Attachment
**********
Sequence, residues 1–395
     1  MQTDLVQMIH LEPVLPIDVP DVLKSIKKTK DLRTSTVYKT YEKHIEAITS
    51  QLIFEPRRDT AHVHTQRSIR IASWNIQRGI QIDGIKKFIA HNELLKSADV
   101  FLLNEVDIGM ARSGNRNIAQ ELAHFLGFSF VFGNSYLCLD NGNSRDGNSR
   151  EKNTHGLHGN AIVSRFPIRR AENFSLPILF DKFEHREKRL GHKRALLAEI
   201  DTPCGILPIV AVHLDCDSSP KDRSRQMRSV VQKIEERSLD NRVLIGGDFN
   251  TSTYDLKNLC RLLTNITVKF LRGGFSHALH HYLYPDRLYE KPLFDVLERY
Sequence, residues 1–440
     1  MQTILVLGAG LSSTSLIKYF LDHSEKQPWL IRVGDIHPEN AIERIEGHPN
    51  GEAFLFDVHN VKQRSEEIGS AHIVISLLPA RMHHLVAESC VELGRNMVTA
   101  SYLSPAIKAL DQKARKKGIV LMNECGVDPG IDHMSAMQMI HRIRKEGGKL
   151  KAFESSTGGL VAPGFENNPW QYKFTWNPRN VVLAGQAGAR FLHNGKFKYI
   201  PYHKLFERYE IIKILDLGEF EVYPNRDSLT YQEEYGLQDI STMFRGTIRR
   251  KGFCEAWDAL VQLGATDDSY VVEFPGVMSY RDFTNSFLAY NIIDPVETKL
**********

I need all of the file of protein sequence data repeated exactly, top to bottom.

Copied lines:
Sequence, residues 1–395
     1  MQTDLVQMIH LEPVLPIDVP DVLKSIKKTK DLRTSTVYKT YEKHIEAITS
    51  QLIFEPRRDT AHVHTQRSIR IASWNIQRGI QIDGIKKFIA HNELLKSADV
   101  FLLNEVDIGM ARSGNRNIAQ ELAHFLGFSF VFGNSYLCLD NGNSRDGNSR
   151  EKNTHGLHGN AIVSRFPIRR AENFSLPILF DKFEHREKRL GHKRALLAEI
   201  DTPCGILPIV AVHLDCDSSP KDRSRQMRSV VQKIEERSLD NRVLIGGDFN
   251  TSTYDLKNLC RLLTNITVKF LRGGFSHALH HYLYPDRLYE KPLFDVLERY
Sequence, residues 1–440
     1  MQTILVLGAG LSSTSLIKYF LDHSEKQPWL IRVGDIHPEN AIERIEGHPN
    51  GEAFLFDVHN VKQRSEEIGS AHIVISLLPA RMHHLVAESC VELGRNMVTA
   101  SYLSPAIKAL DQKARKKGIV LMNECGVDPG IDHMSAMQMI HRIRKEGGKL
   151  KAFESSTGGL VAPGFENNPW QYKFTWNPRN VVLAGQAGAR FLHNGKFKYI
   201  PYHKLFERYE IIKILDLGEF EVYPNRDSLT YQEEYGLQDI STMFRGTIRR
   251  KGFCEAWDAL VQLGATDDSY VVEFPGVMSY RDFTNSFLAY NIIDPVETKL